by Mike Vogel
Updated 6 yearss ago
Converting Gargabe: St. Lucie began searching for alternatives after the 2004 and 2005 hurricanes dumped tons of extra debris into its landfills, says Ron Roberts. [Photo: Matt Dean]
Hard by Interstate 95 south of Fort Pierce rises one of Florida’s many grass-sided landfills, aptly called Mount Trashmores. There in St. Lucie County, say promoters of a new technology, lies the future of waste disposal in America.
Atlanta-based Geoplasma, an offshoot of a real estate development company, plans to build a plant in St. Lucie that will make electricity from banana peels, dirty diapers, old rugs and other garbage. From Waste Age magazine to Popular Science, it’s one of the most talked about trash-handling projects on the drawing board. Across the nation, consultants and cities are waiting to see if it works out in St. Lucie and at another proposed plant in Tallahassee that is to be built by Green Power Systems of Jacksonville. The Air Force also plans a small plasma plant at Hurlburt Field in Okaloosa County.
Hot Shot: GeoPlasma aims to vaporize 1,500 tons of waste a day with its hotter-than-the-sun plasma torch.
Geoplasma says it will use a plasma torch with temperatures hotter than the sun to vaporize 1,500 tons of trash each day. Environmental benefits, in the company’s scenario, cascade like dominoes: The resulting gas will be used to generate electricity that will power the plant and be sold to an electric utility.
The unvaporized slag that’s left over will be sold as building aggregate. What’s more, the company will mine the landfill for fuel, reducing the mound to nothing in 18 years. It’s sustainable, alleviates the need to hack up the hinterlands for roadbuilding material and, as a bonus, rids Florida of one of its mound-builder testaments to our consumer society. Emissions, says the nascent industry, are only slightly higher than those from burning natural gas, the cleanest fossil-fuel generating option.
St. Lucie’s solid-waste officials began looking for alternatives after the alarming growth of its landfill following the 2004 and 2005 hurricane seasons, says the county’s solid waste assistant director, Ron Roberts. He says plasma addressed the county’s top concern — environmental friendliness. And he vividly recalls how he and an engineer drove a load of St. Lucie garbage to a Georgia Tech test facility. He and the engineer, Roberts says, “just stared at each other. This stuff is just gone, and there’s no flames. It’s just vaporized.”
Dubiety is understandable. Other cities and counties in the U.S. have passed on plasma waste disposal because it hasn’t been proven on a large scale as economically or technologically feasible. Some environmental groups oppose plasma, calling it incineration by another name. And two years after St. Lucie and Geoplasma announced a deal with talk of a two-year timeframe to get the plant up and running, not so much as a discarded cheese puff has been scorched into molecules.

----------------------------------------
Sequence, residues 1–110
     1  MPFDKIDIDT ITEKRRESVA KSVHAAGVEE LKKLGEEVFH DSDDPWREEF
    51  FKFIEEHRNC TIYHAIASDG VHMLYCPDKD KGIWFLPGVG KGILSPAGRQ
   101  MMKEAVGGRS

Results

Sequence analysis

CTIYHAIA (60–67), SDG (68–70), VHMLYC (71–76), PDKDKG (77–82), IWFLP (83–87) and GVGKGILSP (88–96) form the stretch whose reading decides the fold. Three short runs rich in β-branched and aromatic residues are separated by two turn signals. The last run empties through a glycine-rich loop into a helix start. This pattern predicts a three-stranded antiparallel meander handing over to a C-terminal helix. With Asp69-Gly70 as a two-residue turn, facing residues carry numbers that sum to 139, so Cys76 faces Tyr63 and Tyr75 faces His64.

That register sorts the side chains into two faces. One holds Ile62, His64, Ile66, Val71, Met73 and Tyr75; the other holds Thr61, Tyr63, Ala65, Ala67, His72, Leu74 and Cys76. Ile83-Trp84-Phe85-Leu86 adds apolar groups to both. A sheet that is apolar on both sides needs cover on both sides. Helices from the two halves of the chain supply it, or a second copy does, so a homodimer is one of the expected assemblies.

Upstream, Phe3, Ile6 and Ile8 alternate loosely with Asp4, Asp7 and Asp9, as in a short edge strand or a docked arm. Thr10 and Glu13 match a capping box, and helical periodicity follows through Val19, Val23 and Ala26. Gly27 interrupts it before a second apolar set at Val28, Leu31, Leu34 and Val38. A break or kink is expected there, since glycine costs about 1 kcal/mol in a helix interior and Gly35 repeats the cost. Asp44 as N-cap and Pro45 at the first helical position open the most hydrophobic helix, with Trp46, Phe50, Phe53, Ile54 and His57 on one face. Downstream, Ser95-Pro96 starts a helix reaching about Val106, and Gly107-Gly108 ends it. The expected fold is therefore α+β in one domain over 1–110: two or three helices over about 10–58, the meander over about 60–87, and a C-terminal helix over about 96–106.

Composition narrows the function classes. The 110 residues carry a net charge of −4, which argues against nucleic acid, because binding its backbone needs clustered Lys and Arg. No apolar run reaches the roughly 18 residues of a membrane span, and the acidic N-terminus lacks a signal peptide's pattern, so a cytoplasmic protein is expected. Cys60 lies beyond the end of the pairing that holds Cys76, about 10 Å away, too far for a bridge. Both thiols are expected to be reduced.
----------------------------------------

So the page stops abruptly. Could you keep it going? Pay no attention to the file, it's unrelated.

Mining that landfill will be even longer in coming. It will require building a second plant, with terms to be negotiated only after the first plant to handle the incoming waste is functioning. Higher costs for plasma have been a deterrent to some local governments looking at plasma. St. Lucie’s tipping fee — the price per ton haulers pay to dump garbage at the landfill — is $32. Geoplasma President Hilburn O. Hillestad says plasma won’t drive it upward. Fees won’t rise more than 3% per year, and if that only due to inflationary factors, he says. “We don’t anticipate a big escalation in tipping fees.”
In America, using some form of heat to handle garbage rather than dumping it in landfills is a shift that follows Europe’s pattern; garbage is gasified or burned there for power, though plasma hasn’t established itself there either, says Gary Hater, Waste Management’s senior director for bioreactors, biosites and new technology. But in the American South, cheap landfill space makes those options less attractive. At its landfills, Waste Management is creating bioreactors — proven processes that allow landfill operators to accelerate decomposition to harvest gases faster for use as alternative energy. “I think we’re just going to have to wait and see,” Hater says. If plasma works, “it will revolutionize the whole industry.” Hot shot: GeoPlasma aims to vaporize 1,500 tons of waste a day with its hotter-than-thesun plasma torch. Matt Dean bottom